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Landing in Kathmandu: Part One

Mount Everest as seen from Drukair2 PLW edit

The journey from Guilin was a comedy of errors that lasted for 16 hours. It was fraught with delays, reroutings, and landings repeatedly thwarted by storms. I hadn’t slept except for fitful naps in odd places—bouncing helter-skelter over China, draped across my luggage in the airport at Chengdu. So I was out cold when Air China flight 437 glided across the eastern border of Nepal.

I was jolted awake by the turbulence, shaken conscious to a curious sense of peace. My head was a cocktail of delirium and belonging, a tincture of serendipity spiked with sleepy wonder and sweetened by a splash of delight. The concoction was appealing despite being served on the rocks by the Himalayan wind.

I opened the window, felt my breath catch softly, like a moth in the web of the vista. The plane was still cruising at 39,000 feet and yet the mountains seemed close enough to touch. Toward the gates of heaven and beyond they towered, pewter peaks robed in gleaming white silk. And in their midst stood the empress of mountains, regal and sovereign and proud—vexingly beautiful, formidably alluring, elegant, alien, alone. She seemed to have wings, spread open to the world, white beak turned skyward in prayer.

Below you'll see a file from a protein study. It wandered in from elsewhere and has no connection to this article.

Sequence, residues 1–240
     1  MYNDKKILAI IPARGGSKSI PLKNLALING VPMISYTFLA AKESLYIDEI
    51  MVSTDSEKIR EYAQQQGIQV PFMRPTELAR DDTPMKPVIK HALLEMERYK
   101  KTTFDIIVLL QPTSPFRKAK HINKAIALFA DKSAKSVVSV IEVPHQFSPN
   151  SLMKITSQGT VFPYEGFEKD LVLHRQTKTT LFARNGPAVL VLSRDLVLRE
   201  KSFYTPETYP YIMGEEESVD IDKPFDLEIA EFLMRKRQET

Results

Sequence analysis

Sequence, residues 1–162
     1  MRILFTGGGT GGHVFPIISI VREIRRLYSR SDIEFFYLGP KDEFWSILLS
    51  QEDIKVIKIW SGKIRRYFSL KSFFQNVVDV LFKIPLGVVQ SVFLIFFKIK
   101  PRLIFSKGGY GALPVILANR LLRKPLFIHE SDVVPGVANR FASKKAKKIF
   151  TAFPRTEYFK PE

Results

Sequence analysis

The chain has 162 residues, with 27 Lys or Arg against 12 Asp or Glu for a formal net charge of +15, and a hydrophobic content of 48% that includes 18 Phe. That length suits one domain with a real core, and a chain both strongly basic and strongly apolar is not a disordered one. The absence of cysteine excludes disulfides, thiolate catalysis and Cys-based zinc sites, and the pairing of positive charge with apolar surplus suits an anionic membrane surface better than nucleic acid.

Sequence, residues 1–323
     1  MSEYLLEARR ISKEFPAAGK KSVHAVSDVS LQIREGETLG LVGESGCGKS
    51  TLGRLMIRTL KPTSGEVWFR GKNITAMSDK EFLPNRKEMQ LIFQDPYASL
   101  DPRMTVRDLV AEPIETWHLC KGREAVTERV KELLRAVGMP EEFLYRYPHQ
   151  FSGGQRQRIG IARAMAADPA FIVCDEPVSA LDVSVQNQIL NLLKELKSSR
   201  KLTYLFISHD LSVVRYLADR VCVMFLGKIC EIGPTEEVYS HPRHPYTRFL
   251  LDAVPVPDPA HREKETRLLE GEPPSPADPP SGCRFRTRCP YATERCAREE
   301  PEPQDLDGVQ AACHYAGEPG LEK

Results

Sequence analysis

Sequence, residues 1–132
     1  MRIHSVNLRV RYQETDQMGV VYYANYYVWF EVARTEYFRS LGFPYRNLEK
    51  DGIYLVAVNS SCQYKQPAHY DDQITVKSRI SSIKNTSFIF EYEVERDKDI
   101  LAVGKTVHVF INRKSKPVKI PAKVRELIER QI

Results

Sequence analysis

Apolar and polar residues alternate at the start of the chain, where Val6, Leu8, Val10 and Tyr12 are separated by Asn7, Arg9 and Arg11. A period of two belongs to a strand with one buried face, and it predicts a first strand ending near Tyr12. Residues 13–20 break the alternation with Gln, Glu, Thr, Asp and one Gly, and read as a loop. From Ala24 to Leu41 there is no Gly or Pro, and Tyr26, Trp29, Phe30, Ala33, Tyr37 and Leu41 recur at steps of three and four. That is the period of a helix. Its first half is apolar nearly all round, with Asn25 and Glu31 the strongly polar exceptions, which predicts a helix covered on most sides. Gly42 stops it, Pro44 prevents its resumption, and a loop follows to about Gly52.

The face that launched a thousand inconceivable expeditions. The siren that buried countless searching souls. The peak that knows the secrets of the moon but isn’t talking. The hercules holding up the sky. The magic carpet of all courageous conquest. The holy grail of all great journeys. The landform that goes by many different names but answers to no one on earth. Sagarmatha. Qomolangma. Peak XV. Everest.


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